LONDON -- Under attack from environmentalists and opposition politicians, the British government on Wednesday defended its decision to accept uranium and spent nuclear fuel from the former Soviet Georgia.
In an operation designed to keep the material out of the hands of extremists, the United States has begun removing it from the former Soviet republic and sending it to Britain to be reprocessed for civilian use.
Foreign Secretary Robin Cook defended Britain's participation today, telling BBC radio the material was not highly radioactive, but was highly explosive and of weapons grade.
Georgia, which has been plagued by unrest and borders unstable Caucasus regions, including the Russian rebel republic of Chechnya, could not safely store the material, he said, noting the country's proximity to the Middle East.
On Tuesday, U.S. Secretary of State Madeleine Albright said there was concern the material would fall into "the wrong hands."
"We are taking the appropriate steps to ensure the safety of this material," she said.
Cook stressed today that most of the material would be coverted into medical isotopes for the treatment of cancer patients.
"We understand that this is the last consignment from countries of the former Soviet Union and this is the end of the story," he said.
Cook also noted that the United States has accepted about 1,320 pounds of nuclear material from the former Soviet Union.
"We are accepting in this case about five kilograms" -- the equivalent of 11 pounds," he said.
"If we're looking at the risk, if this material was to be used in a nuclear weapon in the Middle East, Britain and Europe would get far more than 1 percent of the radioactive fallout," he said. So, "taking 1 percent (of the material) isn't a bad bargain from our point of view."
The government has rejected accusations that it made a secret deal with the United States to take the material to Scotland's Dounreay nuclear processing plant. But a government spokesman has acknowledged that, for security reasons, Britain had not intended to publicize its decision to accept the nuclear material.
News of the arrangement appeared Tuesday in The New York Times, which said U.S. Air Force planes would fly the nuclear material from Georgia to Britain.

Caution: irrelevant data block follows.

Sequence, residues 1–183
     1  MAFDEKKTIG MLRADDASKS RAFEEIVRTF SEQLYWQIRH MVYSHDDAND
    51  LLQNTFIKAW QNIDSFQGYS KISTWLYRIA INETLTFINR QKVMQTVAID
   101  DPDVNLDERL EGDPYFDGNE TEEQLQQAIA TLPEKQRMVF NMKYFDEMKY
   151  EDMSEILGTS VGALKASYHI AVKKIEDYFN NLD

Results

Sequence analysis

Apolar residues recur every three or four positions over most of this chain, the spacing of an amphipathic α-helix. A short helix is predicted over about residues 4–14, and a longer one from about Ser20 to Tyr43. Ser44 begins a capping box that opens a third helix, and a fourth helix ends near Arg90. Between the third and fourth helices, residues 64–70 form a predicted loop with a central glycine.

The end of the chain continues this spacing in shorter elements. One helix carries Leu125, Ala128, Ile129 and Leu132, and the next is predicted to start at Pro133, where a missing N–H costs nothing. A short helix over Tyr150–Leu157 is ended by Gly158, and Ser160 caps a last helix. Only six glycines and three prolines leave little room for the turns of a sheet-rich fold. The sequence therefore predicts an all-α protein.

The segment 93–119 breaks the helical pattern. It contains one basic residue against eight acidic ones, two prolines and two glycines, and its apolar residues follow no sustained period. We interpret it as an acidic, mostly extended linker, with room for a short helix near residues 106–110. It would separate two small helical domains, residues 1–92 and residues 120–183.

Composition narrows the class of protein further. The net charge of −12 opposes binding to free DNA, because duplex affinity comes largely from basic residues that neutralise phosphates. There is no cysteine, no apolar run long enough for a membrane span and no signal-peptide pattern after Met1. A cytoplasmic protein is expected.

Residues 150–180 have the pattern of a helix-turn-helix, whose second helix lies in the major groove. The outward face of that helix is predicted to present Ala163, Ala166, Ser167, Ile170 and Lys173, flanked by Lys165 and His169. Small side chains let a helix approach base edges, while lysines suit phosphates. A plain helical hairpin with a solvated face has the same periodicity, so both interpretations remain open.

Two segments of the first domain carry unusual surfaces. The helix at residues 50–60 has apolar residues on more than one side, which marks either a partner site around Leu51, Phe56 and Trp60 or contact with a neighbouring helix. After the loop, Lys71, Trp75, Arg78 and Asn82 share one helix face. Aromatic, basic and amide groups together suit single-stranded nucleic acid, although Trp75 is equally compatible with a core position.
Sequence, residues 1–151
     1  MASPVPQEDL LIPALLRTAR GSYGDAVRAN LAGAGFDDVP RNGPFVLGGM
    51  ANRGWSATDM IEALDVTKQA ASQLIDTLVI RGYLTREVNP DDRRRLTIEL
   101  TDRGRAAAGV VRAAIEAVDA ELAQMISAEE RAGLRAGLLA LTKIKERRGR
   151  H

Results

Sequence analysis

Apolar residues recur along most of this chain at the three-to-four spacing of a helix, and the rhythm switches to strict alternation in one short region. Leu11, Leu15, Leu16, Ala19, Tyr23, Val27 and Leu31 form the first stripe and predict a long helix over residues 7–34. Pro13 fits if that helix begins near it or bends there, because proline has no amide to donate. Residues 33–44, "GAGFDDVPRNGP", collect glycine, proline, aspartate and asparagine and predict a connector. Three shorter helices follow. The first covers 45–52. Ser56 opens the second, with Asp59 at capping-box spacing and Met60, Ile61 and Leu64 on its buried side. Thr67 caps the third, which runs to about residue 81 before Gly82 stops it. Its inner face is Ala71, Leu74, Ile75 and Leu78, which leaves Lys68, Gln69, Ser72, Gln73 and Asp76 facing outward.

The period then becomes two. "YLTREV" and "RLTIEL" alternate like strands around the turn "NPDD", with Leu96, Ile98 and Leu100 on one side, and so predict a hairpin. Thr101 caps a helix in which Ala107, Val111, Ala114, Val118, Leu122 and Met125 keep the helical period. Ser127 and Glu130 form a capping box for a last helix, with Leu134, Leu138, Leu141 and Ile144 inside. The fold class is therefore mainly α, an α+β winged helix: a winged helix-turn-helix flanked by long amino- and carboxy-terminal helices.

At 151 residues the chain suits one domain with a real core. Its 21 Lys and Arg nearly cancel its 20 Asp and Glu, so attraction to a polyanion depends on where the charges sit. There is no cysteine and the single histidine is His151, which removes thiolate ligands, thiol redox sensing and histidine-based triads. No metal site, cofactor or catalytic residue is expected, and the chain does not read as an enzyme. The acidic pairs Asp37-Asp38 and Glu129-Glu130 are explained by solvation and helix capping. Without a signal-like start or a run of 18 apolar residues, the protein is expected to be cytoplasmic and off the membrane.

Prime Minister Tony Blair's government had been preparing a written statement to Parliament, to be delivered once the material arrived in Britain, Blair's spokesman said today, speaking on condition of anonymity.
There were obvious security reasons why the timing and the route of such transfers are never announced, the spokesman said.
Contrary to newspaper reports, he said the plan had been cleared by the prime minister "some time" before he went the United States in February.
The material from Georgia would produce a minimal amount of intermediate-level waste at a site that already houses thousands of times more similar material, he said.
Opposition Liberal Democrats and Scottish National Party politicians criticized the secrecy and demanded an explanation.
Friends of the Earth said it wanted a pledge from Blair "that Britain will not be the final repository for Georgian nuclear waste or nuclear waste from any other country."
Dr. Brian East of the Scottish Universities Research and Reactor Center told BBC radio the unused uranium was "not particularly" radioactive.
"You can almost certainly send it through the post if you wanted to," he said. "If this kind of material, which has the potential for being made into nuclear warheads, got into unscrupulous hands, it could be handled very easily, and that's the concern."
Frances Taylor of the Nuclear Installations Inspectorate, the industry's independent regulator, said Dounreay could store the material safely, but that Britain might not ultimately be able to deal with all the material and that reprocessing plans were not complete.
"Dounreay can store it safely for the time being. Once it's on site, we will discuss with them in detail what they are going to do with it," she said.
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